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Strategies for managing increased sensitivity to heat and staying cool during hot weather

During the summer with a TBI (Traumatic Brain Injury), it's important to take extra precautions to handle the heat. Here are some tips:

Stay Hydrated

Drink plenty of water throughout the day to prevent dehydration, which can worsen TBI symptoms.

Stay Indoors During Peak Heat

Avoid going outside during the hottest hours of the day, typically between 10 am and 4 pm.

Use Cooling Devices

Use fans, air conditioning, or cooling clothing to keep your body temperature regulated.

Wear Sun Protection

Wear a hat and light-colored, loose-fitting clothing to protect yourself from the sun.

Take Frequent Breaks

If you need to be outside, take frequent breaks in shaded areas to avoid overheating.

Plan Outdoor Activities Wisely

If you must be outside, choose cooler parts of the day, like early mornings or evenings.

Know Your Limits

Listen to your body and avoid overexertion. Pace yourself during physical activities.

Monitor Symptoms

Be aware of any changes in your TBI symptoms during hot weather, and seek medical attention if necessary.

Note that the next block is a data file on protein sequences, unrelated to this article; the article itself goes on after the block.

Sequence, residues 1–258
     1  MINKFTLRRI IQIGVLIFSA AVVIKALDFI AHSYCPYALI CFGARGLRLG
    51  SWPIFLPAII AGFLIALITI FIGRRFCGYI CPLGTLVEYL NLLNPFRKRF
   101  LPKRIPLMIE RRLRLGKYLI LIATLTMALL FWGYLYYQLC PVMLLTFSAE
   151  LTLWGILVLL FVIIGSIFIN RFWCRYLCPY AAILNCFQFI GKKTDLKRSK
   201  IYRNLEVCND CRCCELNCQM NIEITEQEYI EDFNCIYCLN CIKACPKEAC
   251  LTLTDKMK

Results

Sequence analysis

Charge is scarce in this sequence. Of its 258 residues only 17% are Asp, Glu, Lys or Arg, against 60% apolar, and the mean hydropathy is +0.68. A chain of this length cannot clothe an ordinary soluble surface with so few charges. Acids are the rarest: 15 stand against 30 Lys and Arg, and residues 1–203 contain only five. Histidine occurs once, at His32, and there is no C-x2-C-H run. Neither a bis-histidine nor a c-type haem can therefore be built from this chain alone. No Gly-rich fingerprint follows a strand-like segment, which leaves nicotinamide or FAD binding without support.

Avoid Alcohol and Caffeine

These can contribute to dehydration, so it's best to limit their consumption during hot weather.

Keep Others Informed

Inform family, friends, or caregivers about your condition and the precautions you need to take.

Remember, it's essential to prioritize your health and safety during the summer, especially with a TBI. If you have specific concerns or symptoms, consult with your healthcare provider for personalized advice.

Amy Roberts

Amy Roberts


Amy Roberts is a dedicated individual with a diverse background in healthcare and education. As a former Recreational Therapist, she has helped individuals of all abilities discover the joy of leisure activities as a means of promoting well-being. Her experience as a Special Education Teacher has equipped her with valuable skills in creating inclusive learning environments and supporting students with diverse needs. Amy has also served as a trainer, sharing her expertise and knowledge with others in the field. In addition, she has been a devoted caregiver for her spouse who suffered a traumatic brain injury (TBI), supporting and navigating the challenges that come with such a role. Amy’s unwavering commitment to improving the lives of others serves as an inspiration to all those who have the privilege of crossing paths with her.

The Brain Injury Association of Tennessee (BIAT) is an awareness and advocacy organization dedicated to improving the lives of TBI survivors and their caregivers.

BIAT does not provide medical diagnoses, treatments, or advice. All medical treatments should be discussed with your provider.